Many of the ins and outs of Lady Susan’s plan, complete with momentary deceits and a long con, are unforeseeable. She’s an expert liar, using her position and status to her every advantage. Her motivations remain secret to the viewer, though her plans are occasionally shared in advance with her best friend, Alicia Johnson (Chloë Sevigny), an American married to a temperamental British husband (Stephen Fry). Mr. Johnson puts Alicia on warning, first to keep Lady Susan out of their house, and then all contact must be cut. Though Lady Susan appears as nothing but courteous and gracious—humble even; certainly never the orchestrator of such a complicated ruse—a few individuals just beneath her level of intelligence have recognized her coolly practiced machinations of love and status. Beckinsale, smiling a viper’s grin throughout, brings devious charisma to this most sophisticated of roles. She’s quite good when she’s not headlining in genre drivel, and makes the most of Austen’s dialogue (“Facts are horrid things”), which Stillman has preserved well.

Even while embracing Austen, Stillman brings a Lubitsch touch to the proceedings, largely through brief stylistic choices that set Love & Friendship apart from other, more traditional Austen adaptations. During the first twenty minutes of the film, Stillman introduces characters by name, framed in portrait view within an oblong frame, and surrounded by a dimmed iris like a silent film. They stand, sometimes regal, sometimes weeping, sometimes oblivious, looking into the distance or directly into the camera, depending on the nature of their character. There’s a wry kind of humor behind a choice like this, just as there is driving Stillman’s choice to display humorous, hand-written text from letters on the screen—a particularly funny instance of which features a husband transcribing a letter for his wife, reading aloud the punctuation, and then choosing to paraphrase instead. Overall, Stillman’s approach recalls moments in Lubitsch’s The Oyster Princess (1918), where the satire is mannerist.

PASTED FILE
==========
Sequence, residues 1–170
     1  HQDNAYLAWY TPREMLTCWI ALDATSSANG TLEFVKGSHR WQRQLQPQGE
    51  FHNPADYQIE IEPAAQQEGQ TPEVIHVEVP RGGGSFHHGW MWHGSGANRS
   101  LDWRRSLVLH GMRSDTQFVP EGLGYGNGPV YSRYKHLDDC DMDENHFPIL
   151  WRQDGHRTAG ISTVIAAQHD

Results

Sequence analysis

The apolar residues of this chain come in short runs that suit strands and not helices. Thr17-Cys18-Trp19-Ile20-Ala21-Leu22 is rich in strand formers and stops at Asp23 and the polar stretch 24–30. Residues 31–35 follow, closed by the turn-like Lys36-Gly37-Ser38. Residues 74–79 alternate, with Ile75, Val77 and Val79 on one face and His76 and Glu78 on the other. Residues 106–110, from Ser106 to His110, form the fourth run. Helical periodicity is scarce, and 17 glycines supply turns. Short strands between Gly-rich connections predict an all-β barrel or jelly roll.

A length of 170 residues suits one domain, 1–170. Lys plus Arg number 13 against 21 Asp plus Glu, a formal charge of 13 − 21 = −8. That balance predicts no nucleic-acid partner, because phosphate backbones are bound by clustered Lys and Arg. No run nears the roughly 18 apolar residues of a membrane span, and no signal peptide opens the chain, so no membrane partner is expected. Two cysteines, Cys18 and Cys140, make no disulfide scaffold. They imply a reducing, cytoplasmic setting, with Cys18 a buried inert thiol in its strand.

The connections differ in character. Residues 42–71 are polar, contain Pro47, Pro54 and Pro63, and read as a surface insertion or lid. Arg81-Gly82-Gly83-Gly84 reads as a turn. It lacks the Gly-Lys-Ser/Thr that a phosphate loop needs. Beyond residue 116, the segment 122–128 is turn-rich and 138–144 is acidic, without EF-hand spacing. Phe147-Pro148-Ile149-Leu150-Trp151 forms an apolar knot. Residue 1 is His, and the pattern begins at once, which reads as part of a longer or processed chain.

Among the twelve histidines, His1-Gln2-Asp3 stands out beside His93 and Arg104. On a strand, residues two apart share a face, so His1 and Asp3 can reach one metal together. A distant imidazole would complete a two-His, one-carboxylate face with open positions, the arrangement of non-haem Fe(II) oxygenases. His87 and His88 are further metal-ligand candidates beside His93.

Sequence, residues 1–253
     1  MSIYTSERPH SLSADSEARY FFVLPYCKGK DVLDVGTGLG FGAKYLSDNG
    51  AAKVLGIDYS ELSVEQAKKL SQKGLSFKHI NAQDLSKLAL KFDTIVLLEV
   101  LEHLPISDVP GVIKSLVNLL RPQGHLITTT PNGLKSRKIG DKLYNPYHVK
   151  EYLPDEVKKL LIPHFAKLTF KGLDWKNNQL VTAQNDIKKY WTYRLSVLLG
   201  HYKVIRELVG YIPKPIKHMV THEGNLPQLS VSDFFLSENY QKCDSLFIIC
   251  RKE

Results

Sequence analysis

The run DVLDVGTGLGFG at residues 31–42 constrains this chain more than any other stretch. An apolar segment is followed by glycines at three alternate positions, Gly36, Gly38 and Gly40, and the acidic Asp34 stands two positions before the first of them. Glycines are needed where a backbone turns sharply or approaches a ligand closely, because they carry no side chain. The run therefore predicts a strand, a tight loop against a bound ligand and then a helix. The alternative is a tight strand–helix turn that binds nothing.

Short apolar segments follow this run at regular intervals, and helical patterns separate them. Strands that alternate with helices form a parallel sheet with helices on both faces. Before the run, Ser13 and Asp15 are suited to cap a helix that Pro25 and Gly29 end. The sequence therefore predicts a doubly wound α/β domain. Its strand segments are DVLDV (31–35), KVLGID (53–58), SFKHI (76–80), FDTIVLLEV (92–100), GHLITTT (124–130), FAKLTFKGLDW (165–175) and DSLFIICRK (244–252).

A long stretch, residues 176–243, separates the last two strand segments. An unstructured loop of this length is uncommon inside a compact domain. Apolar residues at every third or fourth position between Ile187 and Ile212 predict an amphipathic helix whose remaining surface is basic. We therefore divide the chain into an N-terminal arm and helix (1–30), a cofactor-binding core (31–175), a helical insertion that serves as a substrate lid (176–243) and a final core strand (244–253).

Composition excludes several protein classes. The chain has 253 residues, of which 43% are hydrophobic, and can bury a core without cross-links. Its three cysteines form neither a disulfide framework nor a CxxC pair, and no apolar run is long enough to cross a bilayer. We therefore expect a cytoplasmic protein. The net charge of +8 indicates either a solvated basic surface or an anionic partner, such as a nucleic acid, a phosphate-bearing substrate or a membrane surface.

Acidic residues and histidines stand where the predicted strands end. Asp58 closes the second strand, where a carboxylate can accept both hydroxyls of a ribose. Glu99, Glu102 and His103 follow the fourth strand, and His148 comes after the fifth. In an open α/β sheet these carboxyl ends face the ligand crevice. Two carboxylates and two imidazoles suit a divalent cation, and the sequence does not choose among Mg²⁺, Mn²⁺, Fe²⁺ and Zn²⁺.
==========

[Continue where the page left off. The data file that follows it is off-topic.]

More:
Austen’s tale might be called post-modern today, given its feminist anti-hero at the center, and her almost sociopathic manipulation of people to achieve what she wants. The first contemporary comparison that came to mind was, strangely enough, Rosamund Pike’s Amy Dunne from Gone Girl—a genius-level schemer who always gets what she wants (of course, there’s no murderous undercurrents here). But describing the ironically titled Love & Friendship as post-modern would be somewhat inaccurate. According to scholars, Austen (1775-1817) lived her youth in the late eighteenth century during a period in Great Britain’s history in which manners were far more open and casual, whereas the nineteenth century welcomed the social rigidity and decorum for which Austen’s work is more often associated. Consider how, if there’s an age difference at all in Austen’s texts, it is usually the male suitor of a much younger female; here, if Lady Susan is best suited for any kind of match, it’s a younger man. And while other Austen protagonists usually end up with their novel-long love interest because the fates have miraculously aligned in their favor, Lady Susan does the aligning, and her aspirations lie more explicitly in continuing her sordid alliances with a certain financial freedom.

An admirably duplicitous anti-hero in a brave, side-splitting story of its time, Lady Susan remains a fascinating character interested in neither love nor friendship. And while it may take less time to read Austen’s 70-page novella than it does to enjoy Stillman’s 93-minute adaptation, the film proves superior by losing the epistolary format. Not to mention its showcase of the usual British costume drama trappings: Eimer Ni Mhaoldomhnaigh’s gorgeous costumes and Anna Rackard’s impressive interiors are captured under overcast U.K. lighting by lenser Richard van Oosterhout, all to stunning effect. Following Stillman’s poised guidance behind the camera, Love & Friendship feels more lively and rambunctious than other costume dramas of Austen ilk, though the author’s themes of women requiring marriage for status, security, and love remain intact. Because the latter characteristic does not apply to Lady Susan, the material takes more risks in its narrative and sense of humor, which in turn Stillman savors for the screen, much to our delight.